Hand-dyed yarns maintain their colors if washed and cared for properly.

Storing Your Yarn

Skeins still waiting for the Perfect Project should be kept in dark, closed space, preferably in plastic box or bags. If textile-ating insects are found in your area, storingthe yarn tightly in closed bags may keep unwanted visitors at bay.

We recommend that you won't wind your yarn into a ball until you are ready to cast on with it. Yarn that has been kept too tightly on a ball might lose its elasticity which might affect the gauge. 

We recommend knitting up a swatch before casting on for your project. Swatching gives you a chance to see how your yarn will behave before and after washing. Below you can find some tips for washing your swatch. 

Storing the Finished Garment

We recommend storing the finished garment as skeins: in dark, closed space, safely in plastic bags in areas with textile-eating insects. The best way to store a woollen garment is lightly folded. Using clothes hangers might stretch the garment out of shape especially if it is made of heavy fibers (such as silk, alpaca etc). You can also store scarfs, shawls, ryas and other similar garments rolled up.

To Air Out a Garment

Washing a woollen garment is unnecessary if it is not particularly stained or dirty. Usually airing out does the trick. We recommend airing out your garments regularly by hanging them out in fresh air to remove any odors and dust.Freezing garments for a few days is another good way to remove any bugs. Keeping garments in the sub-zero temperature kills any insects or their larvae. At the same time the garments get freshened up.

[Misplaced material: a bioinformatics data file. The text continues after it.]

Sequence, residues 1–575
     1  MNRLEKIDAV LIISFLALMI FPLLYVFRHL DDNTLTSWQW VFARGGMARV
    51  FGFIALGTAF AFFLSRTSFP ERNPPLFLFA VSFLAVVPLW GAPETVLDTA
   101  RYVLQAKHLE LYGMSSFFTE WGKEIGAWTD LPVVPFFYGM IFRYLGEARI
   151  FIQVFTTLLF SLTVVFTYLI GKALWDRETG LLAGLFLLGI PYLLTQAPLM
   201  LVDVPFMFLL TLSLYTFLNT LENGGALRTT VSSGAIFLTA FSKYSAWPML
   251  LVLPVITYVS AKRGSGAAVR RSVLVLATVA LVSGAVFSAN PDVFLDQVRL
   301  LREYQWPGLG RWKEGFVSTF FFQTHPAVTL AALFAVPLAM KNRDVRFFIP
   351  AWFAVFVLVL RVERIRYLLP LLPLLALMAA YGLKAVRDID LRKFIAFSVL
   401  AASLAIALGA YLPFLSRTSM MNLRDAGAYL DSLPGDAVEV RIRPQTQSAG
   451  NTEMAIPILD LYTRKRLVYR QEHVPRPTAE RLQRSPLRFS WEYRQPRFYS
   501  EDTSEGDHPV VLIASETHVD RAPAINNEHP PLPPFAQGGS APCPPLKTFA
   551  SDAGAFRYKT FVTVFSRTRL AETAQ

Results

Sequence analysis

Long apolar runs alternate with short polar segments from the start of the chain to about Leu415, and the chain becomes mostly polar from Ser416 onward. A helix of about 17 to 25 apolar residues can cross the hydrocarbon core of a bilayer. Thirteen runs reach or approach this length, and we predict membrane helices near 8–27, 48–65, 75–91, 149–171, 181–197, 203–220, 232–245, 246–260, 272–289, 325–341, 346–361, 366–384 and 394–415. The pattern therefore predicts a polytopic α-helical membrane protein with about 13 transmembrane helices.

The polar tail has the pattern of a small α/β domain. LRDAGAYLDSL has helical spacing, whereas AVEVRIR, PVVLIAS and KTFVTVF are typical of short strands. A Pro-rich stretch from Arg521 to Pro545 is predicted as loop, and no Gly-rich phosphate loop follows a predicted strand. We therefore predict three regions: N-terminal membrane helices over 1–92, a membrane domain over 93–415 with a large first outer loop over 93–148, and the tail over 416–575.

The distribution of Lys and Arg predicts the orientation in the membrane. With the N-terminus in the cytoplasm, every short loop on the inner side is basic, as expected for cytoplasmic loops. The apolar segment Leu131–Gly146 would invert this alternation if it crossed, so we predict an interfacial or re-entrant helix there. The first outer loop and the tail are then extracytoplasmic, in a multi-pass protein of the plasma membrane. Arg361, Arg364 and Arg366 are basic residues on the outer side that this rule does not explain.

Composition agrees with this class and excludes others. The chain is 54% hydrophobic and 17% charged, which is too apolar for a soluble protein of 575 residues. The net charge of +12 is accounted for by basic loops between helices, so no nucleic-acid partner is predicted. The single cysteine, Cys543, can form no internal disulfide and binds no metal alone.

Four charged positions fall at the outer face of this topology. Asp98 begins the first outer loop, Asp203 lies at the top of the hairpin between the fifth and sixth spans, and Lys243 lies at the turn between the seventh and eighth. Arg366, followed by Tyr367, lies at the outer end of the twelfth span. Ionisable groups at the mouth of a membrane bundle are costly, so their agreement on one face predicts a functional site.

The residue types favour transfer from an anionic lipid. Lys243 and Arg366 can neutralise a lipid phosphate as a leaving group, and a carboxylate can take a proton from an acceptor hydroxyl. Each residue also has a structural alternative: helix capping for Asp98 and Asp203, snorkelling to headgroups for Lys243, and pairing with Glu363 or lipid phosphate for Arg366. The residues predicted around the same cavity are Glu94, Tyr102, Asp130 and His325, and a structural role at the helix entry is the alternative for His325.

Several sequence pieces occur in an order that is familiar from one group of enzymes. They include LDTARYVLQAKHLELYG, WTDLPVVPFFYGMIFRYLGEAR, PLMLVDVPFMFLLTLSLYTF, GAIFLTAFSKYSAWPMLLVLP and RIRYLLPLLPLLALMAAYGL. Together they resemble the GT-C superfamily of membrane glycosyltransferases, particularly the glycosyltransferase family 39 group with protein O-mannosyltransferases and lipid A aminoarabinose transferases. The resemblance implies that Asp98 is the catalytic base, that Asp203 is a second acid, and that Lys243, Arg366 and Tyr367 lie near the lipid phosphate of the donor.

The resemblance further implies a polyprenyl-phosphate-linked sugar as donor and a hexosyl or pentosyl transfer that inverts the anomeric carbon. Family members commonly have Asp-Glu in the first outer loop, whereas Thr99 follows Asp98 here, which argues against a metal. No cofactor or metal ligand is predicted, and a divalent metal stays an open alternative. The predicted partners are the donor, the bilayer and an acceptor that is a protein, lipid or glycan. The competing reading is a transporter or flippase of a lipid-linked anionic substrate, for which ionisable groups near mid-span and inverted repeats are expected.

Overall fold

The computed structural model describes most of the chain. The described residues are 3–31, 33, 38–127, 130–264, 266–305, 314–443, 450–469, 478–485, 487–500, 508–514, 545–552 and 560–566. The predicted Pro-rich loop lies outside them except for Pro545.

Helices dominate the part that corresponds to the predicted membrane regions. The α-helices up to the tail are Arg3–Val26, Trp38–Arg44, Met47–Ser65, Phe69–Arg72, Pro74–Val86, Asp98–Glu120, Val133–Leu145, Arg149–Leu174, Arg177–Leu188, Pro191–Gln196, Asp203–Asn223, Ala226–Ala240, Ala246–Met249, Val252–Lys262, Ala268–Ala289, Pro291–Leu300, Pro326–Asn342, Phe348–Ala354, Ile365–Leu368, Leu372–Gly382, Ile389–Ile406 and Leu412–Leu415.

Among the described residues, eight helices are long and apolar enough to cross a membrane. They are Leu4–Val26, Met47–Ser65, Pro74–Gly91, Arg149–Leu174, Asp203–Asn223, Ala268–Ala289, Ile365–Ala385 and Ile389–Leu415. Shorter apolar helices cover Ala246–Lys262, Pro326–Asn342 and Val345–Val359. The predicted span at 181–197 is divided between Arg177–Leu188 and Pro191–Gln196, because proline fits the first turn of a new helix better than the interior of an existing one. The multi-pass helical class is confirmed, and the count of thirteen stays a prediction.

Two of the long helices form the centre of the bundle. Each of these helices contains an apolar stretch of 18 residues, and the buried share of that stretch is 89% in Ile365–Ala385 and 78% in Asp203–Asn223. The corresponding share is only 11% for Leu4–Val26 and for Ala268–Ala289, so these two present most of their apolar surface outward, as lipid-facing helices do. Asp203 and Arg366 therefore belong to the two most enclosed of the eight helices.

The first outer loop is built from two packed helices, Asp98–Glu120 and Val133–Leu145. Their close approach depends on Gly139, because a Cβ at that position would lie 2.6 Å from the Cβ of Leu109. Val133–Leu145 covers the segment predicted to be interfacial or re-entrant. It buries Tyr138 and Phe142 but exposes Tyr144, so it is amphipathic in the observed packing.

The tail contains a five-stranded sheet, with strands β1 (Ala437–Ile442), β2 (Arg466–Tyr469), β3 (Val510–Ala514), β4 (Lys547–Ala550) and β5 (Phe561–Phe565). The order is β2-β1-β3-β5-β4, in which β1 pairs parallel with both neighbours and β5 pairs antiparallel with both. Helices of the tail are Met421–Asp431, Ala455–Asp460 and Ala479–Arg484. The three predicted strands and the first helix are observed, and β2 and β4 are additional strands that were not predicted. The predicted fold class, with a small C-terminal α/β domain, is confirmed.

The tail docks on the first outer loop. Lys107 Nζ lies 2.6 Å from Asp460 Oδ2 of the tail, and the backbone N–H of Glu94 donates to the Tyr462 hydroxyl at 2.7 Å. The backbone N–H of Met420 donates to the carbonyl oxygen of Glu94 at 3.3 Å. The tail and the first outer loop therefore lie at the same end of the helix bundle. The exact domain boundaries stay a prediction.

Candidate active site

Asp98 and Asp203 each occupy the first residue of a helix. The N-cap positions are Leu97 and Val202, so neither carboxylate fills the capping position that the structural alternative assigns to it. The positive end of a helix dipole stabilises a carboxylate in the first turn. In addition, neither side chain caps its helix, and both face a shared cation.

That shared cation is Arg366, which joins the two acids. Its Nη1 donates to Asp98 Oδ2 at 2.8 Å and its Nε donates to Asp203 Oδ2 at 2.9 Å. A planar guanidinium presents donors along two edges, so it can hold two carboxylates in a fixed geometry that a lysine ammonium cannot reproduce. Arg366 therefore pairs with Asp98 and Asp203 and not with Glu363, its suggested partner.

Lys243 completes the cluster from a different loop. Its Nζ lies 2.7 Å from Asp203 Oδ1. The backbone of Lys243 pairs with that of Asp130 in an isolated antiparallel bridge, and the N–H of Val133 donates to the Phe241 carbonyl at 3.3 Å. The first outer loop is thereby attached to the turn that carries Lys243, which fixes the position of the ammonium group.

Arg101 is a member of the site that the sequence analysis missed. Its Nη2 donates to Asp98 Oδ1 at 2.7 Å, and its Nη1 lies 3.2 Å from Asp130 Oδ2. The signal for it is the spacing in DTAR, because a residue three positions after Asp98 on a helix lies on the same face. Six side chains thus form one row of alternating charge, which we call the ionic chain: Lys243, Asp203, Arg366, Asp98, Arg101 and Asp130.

A light wash in snow is also good for cardigans, scarfs and other garments that are not stained in use.Washing in snow is easy: Rub some snow to the garment by hand or by a brush and shake off. Leave the garment outside to air out.

Washing a Woollen Garment

The actual washing with water is needed when the garment has gotten dirty stained. We recommend hand-washing every item made of our yarns.

If your machine has a hand-washing cycle, it can be helpful for superwash yarns which won't felt.Hand-washing cycles differ greatly so when you are using yarn which might felt, you should make swatch and test yarn behavior in your washing machine.That way accidental felting can be avoided. Follow the directions in the manual for your washing machine and use a laundry detergent intended especially for wool.

Hand-Washing Items

Hand-washing is the easiest way to wash a garment without any fear of felting. We recommend hand-washing for all delicate fibers, especially silk, yak, alpaca and cashmere.

1. Soak the garment in luke-warm water without stirring the garment. Merely drop your item in water, and let it absorb the water on its own. You can add a small amount of detergent (such as Eucalan or mild shampoo) in the water. If your garment is heavily stained, you may try to rub them gently. DO not use any stain-removing products on wool. Use only detergents intended for wool and silk. We recommend washing with Eucalan, which we use to use wash our yarns after dyeing. It is a safe lanolin-based product which requires no rinsing.

2. Remove the item from the water and let the extra water drip off. 

3. If rinsing is necessary, soak the garment again in luke-warm water with no detergent or conditioner. Let sit for a while, then remove the garment and let the extra water drip off. To remove excess moisture, gently sqeeeze the garment in a large towel.

4. Dry flat. Spread the garment and shape when wet. Block any lace items to shape after washing.

Wash your gauge swatches similarly. To maintain straight edges on a swatch during drying, pin the swatch to a towel.